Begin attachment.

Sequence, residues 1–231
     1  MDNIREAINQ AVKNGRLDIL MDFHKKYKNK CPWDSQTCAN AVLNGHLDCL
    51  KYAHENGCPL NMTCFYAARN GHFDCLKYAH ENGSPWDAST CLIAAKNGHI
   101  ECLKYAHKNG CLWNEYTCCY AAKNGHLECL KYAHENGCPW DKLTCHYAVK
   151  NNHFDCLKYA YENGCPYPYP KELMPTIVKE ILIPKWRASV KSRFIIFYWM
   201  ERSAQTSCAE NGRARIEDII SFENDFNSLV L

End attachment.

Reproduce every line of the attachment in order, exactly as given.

Sequence, residues 1–231
     1  MDNIREAINQ AVKNGRLDIL MDFHKKYKNK CPWDSQTCAN AVLNGHLDCL
    51  KYAHENGCPL NMTCFYAARN GHFDCLKYAH ENGSPWDAST CLIAAKNGHI
   101  ECLKYAHKNG CLWNEYTCCY AAKNGHLECL KYAHENGCPW DKLTCHYAVK
   151  NNHFDCLKYA YENGCPYPYP KELMPTIVKE ILIPKWRASV KSRFIIFYWM
   201  ERSAQTSCAE NGRARIEDII SFENDFNSLV L